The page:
I was on my way to a meeting with some friends recently and we were talking about the creative process. To be more precise, we were discussing the aftermath (if you will) that occurs after a creative project is complete. For me, it's usually a short burst of excitement and then either worrying about changes I wish I had time to make or the start of yet another creative endeavor.
Neither of those things are terrible, but I don't think they're ideal. Why? Because I forgot a key ingredient.
My friends helped me to pause long enough to evaluate my project based on my original goals and ultimately, see what I had accomplished. I don't know if its the way that I build my schedule or my fear of becoming prideful about my work but I don't take time to celebrate a completed task or project often enough. And when I do take time, it's often to evaluate and consider what I would've done differently.
So, even when the project isn't perfect or perhaps isn't received in the way I anticipated - I am going to make sure that I never forget this key ingredient. Connecting the finished product to the reasons it was created is a refreshing and renewing thought exercise.
Sure, it could've been better. Yes, I could've done things differently. No, I shouldn't simply rush through things to experience the emotional high of the finish line.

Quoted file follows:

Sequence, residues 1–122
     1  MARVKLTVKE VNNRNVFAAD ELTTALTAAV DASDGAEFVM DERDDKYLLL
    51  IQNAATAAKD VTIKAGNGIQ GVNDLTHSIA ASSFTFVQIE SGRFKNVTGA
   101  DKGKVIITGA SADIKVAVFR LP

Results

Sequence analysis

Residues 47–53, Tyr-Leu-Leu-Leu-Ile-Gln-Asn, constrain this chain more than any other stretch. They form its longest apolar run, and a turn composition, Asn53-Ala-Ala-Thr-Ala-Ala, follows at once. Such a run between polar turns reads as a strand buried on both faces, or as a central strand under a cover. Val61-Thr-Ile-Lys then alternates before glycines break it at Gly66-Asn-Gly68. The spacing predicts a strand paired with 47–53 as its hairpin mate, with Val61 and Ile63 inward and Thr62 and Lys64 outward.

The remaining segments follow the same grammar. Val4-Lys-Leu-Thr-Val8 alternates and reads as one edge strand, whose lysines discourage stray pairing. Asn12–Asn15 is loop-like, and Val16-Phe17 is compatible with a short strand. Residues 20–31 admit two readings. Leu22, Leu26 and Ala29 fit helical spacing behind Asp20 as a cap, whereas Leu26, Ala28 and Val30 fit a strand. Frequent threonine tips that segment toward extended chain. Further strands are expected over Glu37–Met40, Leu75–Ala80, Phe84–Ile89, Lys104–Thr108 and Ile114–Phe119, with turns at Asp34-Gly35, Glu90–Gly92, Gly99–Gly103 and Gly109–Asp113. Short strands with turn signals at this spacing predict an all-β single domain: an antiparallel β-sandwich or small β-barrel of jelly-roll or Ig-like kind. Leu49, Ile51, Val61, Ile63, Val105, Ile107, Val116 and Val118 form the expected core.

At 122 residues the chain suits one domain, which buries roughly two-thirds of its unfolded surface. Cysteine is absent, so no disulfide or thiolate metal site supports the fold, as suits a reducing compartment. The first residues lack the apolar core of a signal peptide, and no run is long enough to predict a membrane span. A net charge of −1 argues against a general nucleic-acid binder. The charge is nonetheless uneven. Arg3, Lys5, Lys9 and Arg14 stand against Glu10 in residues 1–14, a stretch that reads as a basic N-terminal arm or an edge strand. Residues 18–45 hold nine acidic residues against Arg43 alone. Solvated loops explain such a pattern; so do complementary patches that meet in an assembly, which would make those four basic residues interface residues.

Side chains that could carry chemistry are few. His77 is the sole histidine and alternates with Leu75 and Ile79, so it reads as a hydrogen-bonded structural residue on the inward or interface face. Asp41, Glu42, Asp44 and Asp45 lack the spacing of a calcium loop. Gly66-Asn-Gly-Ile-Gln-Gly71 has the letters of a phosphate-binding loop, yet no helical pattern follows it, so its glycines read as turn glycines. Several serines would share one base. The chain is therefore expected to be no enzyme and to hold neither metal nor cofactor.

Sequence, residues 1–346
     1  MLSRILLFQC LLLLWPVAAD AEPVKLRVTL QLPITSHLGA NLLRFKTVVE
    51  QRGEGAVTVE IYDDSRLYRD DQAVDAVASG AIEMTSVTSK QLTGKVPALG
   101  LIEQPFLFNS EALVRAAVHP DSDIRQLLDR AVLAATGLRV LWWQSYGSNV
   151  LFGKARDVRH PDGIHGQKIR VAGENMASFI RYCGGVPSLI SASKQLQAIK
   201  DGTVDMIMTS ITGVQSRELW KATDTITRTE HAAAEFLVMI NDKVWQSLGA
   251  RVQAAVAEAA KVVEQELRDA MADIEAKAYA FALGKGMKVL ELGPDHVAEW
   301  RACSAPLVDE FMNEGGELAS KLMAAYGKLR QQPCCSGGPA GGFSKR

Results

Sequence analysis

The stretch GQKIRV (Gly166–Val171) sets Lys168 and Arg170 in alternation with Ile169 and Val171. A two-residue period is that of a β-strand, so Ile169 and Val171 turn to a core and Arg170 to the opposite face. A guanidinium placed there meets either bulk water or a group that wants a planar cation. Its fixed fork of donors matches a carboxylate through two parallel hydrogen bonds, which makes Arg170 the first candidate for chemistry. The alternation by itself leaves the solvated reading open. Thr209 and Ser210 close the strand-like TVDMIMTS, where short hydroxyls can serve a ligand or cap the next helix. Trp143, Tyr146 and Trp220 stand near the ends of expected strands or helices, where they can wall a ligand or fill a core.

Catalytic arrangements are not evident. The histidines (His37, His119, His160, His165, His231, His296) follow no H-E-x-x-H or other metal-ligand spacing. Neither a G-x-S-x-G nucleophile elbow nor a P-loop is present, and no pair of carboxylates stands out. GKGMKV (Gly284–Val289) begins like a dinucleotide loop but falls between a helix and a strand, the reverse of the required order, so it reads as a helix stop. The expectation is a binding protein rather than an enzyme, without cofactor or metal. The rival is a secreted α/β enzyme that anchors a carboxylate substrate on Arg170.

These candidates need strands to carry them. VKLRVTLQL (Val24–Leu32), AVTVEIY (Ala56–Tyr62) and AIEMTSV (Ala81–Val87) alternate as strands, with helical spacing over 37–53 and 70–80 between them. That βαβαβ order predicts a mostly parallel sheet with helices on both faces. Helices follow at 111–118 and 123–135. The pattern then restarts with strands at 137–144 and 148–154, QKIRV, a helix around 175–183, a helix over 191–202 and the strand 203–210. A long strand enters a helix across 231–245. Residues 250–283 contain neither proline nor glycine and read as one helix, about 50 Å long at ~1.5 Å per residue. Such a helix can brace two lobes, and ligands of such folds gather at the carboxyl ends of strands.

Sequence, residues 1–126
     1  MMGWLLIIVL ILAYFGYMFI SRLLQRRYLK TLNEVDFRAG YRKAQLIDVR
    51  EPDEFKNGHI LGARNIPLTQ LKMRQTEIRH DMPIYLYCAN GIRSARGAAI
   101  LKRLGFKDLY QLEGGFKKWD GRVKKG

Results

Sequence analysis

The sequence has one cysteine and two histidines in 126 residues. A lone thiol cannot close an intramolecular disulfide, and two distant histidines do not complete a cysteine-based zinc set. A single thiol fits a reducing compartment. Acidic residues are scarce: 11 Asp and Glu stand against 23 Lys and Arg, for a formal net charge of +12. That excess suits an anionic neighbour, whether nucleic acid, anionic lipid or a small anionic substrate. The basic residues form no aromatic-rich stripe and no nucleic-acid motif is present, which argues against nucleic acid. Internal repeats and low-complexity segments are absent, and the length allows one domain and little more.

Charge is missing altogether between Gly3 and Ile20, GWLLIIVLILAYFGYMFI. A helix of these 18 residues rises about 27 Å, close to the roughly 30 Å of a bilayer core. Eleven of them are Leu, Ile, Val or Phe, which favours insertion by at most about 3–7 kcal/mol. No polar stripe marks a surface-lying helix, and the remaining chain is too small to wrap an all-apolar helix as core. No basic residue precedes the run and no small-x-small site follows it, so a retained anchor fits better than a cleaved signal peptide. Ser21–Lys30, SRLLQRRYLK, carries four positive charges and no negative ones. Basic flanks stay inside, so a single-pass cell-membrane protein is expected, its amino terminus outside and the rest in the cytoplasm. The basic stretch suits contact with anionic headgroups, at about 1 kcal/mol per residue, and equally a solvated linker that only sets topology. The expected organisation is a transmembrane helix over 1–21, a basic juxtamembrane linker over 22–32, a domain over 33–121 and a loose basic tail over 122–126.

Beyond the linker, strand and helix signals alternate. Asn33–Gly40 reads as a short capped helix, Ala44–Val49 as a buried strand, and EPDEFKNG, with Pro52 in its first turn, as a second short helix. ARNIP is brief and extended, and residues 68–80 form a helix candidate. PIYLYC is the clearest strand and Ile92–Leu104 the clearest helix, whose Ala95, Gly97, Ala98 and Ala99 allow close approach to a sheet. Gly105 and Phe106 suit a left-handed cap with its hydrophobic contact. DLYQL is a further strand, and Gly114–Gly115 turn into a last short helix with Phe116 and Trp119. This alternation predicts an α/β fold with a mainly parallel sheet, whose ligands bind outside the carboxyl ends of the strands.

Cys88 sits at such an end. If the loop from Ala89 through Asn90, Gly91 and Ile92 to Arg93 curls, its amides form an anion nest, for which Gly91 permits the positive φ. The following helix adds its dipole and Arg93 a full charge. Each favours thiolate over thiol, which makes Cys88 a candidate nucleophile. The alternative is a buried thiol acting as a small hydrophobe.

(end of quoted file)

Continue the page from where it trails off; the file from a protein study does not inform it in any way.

I think, strangely enough, that pride can often stop us from celebrating. It sounds counterintuitive but it's because we keep pushing, moving and creating at a pace that doesn't fully embrace the idea that we've just done something worth pausing.
This experience has implications for myself as an artist but also, for those that I have the privilege to lead. If I don't take time to guide my teams into a time of celebration - everything quickly begins to feel constricted. As if we were in a rat race or even hamsters in a spinning wheel. While it might be true that there isn't a finish line - when we remove the markers from the race, we not only lose our sense of worth but we can lose the will to continue at full speed.
Do you forget to celebrate? How do you build this into your schedule personally or for your team?